| Lists |

The Worst Kitchen Gifts for Mom on Mother's Day

Keep Dallas Observer Free
I Support
  • Local
  • Community
  • Journalism
  • logo

Support the independent voice of Dallas and help keep the future of Dallas Observer free.

It's a little bit sexist to assume that your mother is yearning for a kitchen gadget this Mother's Day. It's also a bit forward of us to assume that's what you're planning on getting her. Not that a gadget gift doesn't have hit potential -- kitchen goodies last longer than flowers, are less frustrating than waiting hours for a booth at On The Border and could be a subtle compliment to your mother's cooking prowess if you get her the right one.

The following five gadgets are not the right ones.

(If you think this is cliché, just wait until Father's Day, when we can bust out all the tired jokes about grills and novelty aprons and toilet seat covers.)

Pizza scissors It could be that I have no kitchen prowess or that the quality of my tool was subpar, but the one time I tried to use pizza scissors ended in despair. It hacked my poor Red Baron into something like a paper snowflake. I was two steps from dumping glitter on my pizza and hanging it from the fridge.

I hesitate to subject my mother to such a level of frustration and scalding cheese. It could easily turn into "The year Brooke melted my hands off, and then insisted that she loves me."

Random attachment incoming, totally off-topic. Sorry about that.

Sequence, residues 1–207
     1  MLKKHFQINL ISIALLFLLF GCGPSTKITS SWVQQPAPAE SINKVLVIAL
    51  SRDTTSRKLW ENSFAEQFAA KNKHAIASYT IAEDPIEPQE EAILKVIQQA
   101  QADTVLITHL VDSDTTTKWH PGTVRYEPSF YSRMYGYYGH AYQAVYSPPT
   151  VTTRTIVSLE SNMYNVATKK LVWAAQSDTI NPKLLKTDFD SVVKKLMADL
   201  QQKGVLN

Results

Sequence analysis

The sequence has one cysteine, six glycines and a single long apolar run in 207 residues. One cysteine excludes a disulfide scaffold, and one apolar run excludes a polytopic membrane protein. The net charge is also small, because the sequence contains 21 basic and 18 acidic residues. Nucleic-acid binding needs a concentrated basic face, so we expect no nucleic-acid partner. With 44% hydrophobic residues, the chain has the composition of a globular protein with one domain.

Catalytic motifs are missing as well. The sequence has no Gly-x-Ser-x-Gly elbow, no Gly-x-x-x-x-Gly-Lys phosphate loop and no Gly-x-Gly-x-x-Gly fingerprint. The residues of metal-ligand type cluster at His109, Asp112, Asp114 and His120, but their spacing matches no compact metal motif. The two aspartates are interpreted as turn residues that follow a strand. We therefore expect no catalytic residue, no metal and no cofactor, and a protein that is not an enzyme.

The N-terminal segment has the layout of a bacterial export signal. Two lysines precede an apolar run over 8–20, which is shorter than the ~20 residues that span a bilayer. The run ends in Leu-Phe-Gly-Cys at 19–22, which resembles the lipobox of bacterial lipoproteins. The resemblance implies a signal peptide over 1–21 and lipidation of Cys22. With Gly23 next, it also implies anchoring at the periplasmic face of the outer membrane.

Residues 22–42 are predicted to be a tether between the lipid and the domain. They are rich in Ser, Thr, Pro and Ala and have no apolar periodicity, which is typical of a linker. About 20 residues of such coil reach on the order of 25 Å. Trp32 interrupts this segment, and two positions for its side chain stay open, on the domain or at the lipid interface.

Better to stick with a traditional pizza cutter. Or, if your mother is Nick Rallo's mother, a Star Trek pizza slicer.

Fondue pot I love fondue. I love fondue parties. I'm the only person I know who doesn't boycott The Melting Pot because of the lull between courses ("But look how much fun we're having!" I'll protest to my frowning dinner mates. Ten times out of 10, they will continue to frown.) I'm also the only person who doesn't get what is so lame about a pot of bubbling cheese. (On a related note, make sure to check out my forthcoming book, How Come No One Comes to My Parties.)

But, it seems that there is something very wrong with fondue. A friend's mother told me that fondue pots remind her of the '70s and make her feel outdated. "Plus," she added unnecessarily, "all that cheese gives me digestion problems."

Whatever you tell your mother on Mother's Day, giving her something that translates to, "Remember when you used to be young? Here, have something that will make you feel like you gnawed on an old tire" probably isn't high on the list.

Juicer While I could have fallen victim to the same ineptitude that plagues me while using pizza cutters (and, OK, while serving tables), my juicers have always been colossal disappointments. They chew and grind my vegetables with enough vigor and noise that it sounds like a symphony of weed whackers in my kitchen, and I'm still left with a stringy, lumpy stew of carrot and orange rind. And the mess, after I'm done scrubbing a stubborn orange stain, leaves my counter top smelling like a trash can.

So I think juicers are worthless. I'd rather get my mother a nice blender and supply of blendable things. Plus, now that Jack LaLanne is dead, I think we can officially say that juicers are uncool.